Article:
- In revising the revision of the Book of Occasional Services, one member, a bishop, pointed out the conclusion to a prayer in one of the liturgies, a conclusion that was attempting to be trinitarian without using masculine language (Father, Son), so it read, "Creator, Word, and Holy Spirit." The bishop (rightly) observed that to use "Creator" as a surrogate for "Father" is theologically questionable, since all three Persons of the Godhead are involved in the act of creation. So he suggested "Fount" instead, citing ancient sources as precedent. This led to a longish time of vigorous debate, and the committee finally settled on "Holy and Undivided Trinity" instead of delineating the individual Persons. This is ridiculous, of course, because you can't indefinitely avoid saying "Father" when talking about God. You can temporarily do so for some individual instance--though, as we saw today, not easily--but eventually you have to come back around to "Father" or you lose your moorings entirely. As another bishop pointed out to me yesterday, "Jesus' devotion was focused on the Father. How can ours do anything less?"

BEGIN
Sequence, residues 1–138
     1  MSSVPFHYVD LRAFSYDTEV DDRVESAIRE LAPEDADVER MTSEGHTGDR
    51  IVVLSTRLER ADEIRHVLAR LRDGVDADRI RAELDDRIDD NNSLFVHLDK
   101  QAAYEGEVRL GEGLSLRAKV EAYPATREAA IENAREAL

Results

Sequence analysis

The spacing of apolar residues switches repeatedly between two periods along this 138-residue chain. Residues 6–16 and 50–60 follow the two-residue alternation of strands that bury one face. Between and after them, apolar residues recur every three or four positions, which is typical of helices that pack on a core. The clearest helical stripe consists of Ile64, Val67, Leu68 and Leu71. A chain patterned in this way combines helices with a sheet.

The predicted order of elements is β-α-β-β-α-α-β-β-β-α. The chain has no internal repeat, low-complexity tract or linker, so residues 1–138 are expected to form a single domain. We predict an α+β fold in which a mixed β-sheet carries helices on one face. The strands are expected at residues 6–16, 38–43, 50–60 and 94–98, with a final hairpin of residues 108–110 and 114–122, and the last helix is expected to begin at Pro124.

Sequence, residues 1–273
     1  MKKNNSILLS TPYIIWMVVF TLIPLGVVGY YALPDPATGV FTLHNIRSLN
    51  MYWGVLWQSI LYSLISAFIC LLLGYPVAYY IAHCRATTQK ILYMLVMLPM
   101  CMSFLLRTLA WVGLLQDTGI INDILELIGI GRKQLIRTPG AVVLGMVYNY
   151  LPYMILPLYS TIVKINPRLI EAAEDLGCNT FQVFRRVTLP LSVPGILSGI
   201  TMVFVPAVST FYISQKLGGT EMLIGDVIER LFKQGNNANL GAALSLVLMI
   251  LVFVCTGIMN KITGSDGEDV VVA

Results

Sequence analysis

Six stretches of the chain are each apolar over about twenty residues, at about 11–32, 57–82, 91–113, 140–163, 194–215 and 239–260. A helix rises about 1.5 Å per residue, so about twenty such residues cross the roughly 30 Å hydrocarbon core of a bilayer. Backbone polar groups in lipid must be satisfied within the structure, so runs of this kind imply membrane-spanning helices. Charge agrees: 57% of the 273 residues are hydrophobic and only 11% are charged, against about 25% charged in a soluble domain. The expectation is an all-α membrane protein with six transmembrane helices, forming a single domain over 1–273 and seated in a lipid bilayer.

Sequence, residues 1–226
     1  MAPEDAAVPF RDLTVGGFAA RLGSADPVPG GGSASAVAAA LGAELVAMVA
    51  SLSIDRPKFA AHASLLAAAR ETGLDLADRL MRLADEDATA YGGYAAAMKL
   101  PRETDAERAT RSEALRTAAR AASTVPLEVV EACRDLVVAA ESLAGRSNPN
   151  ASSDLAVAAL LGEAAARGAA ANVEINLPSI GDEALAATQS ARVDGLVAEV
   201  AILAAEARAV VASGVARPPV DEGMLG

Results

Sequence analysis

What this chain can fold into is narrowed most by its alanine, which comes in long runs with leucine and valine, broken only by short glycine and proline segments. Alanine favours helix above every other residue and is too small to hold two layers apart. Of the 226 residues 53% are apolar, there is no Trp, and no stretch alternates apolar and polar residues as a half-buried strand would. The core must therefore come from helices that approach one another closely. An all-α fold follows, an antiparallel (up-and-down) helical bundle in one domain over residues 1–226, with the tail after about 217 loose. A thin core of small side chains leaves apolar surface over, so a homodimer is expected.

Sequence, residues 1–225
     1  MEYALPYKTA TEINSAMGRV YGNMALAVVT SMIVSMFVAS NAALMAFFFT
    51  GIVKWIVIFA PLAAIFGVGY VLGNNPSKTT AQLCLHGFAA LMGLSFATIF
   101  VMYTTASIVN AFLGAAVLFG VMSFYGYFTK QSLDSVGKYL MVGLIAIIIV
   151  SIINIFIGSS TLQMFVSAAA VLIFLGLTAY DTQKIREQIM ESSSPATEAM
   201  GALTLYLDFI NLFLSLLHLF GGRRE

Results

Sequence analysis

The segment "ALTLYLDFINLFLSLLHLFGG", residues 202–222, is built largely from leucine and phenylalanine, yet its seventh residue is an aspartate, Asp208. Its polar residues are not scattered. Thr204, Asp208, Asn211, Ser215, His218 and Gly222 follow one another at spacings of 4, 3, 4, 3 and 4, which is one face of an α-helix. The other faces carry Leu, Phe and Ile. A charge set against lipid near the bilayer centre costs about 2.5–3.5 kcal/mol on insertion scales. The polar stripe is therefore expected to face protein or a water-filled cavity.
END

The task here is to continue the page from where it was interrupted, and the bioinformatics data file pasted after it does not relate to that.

- There was, once again this convention, as there has been at least for the last two, a resolution asking for the study of the practice of offering Holy Communion to unbaptized persons. Pleas for it in testimony were quite passionate. But they were all completely non-theological, focusing rather on strategic and hortatory concerns like hospitality. In the end, I am grateful to say, the resolution was defeated among both the Bishops and the Deputies on Committee 12. It fails. But we will, no doubt, see it again in three years. It's an old friend.
There were a good many questions, and a relatively small amount of actual debate, but in a relatively short time, this substitute was adopted and became the main motion and was passed overwhelmingly, with scarcely audible opposition. I find this a surprising and positive development. It will allow Episcopalians in places that are minded to do so to continue worshiping in the familiar forms without the shadow of revision constantly looming over them. It will now go back to the House of Deputies, via a newly-appointed small conference committee, and Committee 13. This is an encouraging development.
I should not fail to also mention that the readmission of the Diocese of Cuba back into union with General Convention, following a 52 year hiatus, passed overwhelmingly and joyfully. The Bishop of Cuba was immediately seated on the floor of the House.